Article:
Radiation Oncology in 2050: What to Expect

The future of radiation oncology is set to be a much more automated and robotic experience, with fewer activities such as delineation, treatment planning, and supervision of radiation therapy delivery being performed by physicians and physicists. According to the American Council of Radiology, the number of radiation oncologists is projected to increase, but not enough to meet the expected demand for radiation therapy. To ensure that radiation therapy remains widely accessible with acceptable wait times for all cancer patients, addressing this projected mismatch is essential. When undergoing radiation therapy, patients will have regular weekly health checks with their radiation oncologist and nurse.

During these visits, progress will be tracked, any side effects will be assessed, treatments for those side effects will be recommended (such as medications), and any concerns will be addressed. Once a diagnosis has been made, patients will likely talk to their primary care doctor and several cancer specialists, such as a surgeon, a medical oncologist, and a radiation oncologist, to discuss their treatment options. Depending on the type of radiation therapy chosen, radioactive sources may be temporarily placed inside the body and removed after the correct amount of radiation has been delivered. This information is essential to define policy priorities in the field of radiation oncology to ensure sufficient access to radiation therapy for future cancer patients.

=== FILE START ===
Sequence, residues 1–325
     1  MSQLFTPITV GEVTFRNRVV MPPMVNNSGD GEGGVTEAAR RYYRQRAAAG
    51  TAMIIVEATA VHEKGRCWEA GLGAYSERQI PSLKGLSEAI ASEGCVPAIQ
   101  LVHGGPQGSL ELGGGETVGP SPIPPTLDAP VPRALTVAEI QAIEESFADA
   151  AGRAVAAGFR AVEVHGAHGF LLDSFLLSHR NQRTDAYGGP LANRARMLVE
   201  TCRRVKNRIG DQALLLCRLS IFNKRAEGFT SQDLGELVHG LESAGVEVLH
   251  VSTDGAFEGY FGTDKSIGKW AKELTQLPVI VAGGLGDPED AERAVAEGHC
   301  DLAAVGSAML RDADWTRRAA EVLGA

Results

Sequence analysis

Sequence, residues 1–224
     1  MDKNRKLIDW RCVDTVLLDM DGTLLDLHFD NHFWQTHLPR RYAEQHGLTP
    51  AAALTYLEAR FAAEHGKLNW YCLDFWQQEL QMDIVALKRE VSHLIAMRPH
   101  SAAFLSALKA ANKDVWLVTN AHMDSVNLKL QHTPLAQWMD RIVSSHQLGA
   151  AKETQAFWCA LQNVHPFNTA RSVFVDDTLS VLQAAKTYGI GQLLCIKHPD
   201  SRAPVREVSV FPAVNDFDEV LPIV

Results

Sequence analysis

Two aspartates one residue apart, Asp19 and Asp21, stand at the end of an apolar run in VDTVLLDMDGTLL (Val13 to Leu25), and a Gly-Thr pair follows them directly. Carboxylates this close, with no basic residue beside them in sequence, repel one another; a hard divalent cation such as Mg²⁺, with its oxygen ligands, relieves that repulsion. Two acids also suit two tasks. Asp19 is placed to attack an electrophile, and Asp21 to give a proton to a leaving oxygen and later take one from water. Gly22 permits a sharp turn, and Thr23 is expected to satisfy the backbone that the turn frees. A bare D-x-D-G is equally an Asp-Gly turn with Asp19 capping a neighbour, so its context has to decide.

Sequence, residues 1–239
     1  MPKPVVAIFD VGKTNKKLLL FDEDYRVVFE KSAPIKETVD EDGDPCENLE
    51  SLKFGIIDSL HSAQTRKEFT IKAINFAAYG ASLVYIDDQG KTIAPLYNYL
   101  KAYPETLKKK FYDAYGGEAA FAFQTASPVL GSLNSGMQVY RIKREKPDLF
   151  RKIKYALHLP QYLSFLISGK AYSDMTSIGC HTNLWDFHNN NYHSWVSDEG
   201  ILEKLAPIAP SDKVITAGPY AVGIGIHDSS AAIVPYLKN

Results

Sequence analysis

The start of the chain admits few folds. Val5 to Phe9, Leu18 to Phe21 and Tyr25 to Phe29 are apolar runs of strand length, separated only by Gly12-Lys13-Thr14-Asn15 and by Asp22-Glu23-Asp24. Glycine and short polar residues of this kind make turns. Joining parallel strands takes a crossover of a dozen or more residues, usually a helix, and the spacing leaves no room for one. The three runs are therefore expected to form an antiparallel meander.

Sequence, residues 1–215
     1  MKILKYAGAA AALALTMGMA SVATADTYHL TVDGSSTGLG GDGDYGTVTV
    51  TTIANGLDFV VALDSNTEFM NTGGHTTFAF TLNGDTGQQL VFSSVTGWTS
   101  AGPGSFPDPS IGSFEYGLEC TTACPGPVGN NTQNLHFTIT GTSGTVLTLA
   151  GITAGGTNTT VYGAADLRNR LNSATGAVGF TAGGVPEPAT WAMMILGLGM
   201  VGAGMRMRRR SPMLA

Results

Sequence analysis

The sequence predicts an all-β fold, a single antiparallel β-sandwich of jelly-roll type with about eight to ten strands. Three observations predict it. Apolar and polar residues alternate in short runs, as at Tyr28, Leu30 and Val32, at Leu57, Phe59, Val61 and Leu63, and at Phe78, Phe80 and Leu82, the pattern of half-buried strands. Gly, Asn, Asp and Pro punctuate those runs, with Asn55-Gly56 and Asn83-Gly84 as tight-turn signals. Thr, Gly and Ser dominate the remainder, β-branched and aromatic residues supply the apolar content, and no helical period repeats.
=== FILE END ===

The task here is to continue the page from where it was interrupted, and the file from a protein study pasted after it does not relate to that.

Proton therapy beams have physical characteristics that allow clinicians to more effectively reduce the dose of radiation directed to nearby healthy tissue. Radiation oncologists will also work with dental professionals to prevent radiation from damaging healthy areas of the mouth, care for teeth, gums, and other tissues in the mouth, and may recommend preventive dental treatment before radiation. With IMRT (Intensity Modulated Radiation Therapy), it is possible to further limit the amount of radiation that healthy tissue receives near the tumor. During the simulation process, the radiation oncologist and radiation therapist will place patients in the simulation machine in the exact position they will be in during the actual treatment.

This allows for a large dose of radiation to be delivered directly to cancer cells as sources are placed in close proximity to the tumor. The equipment must also be regularly tested by taking accurate measurements of the radiation beam and performing other safety tests.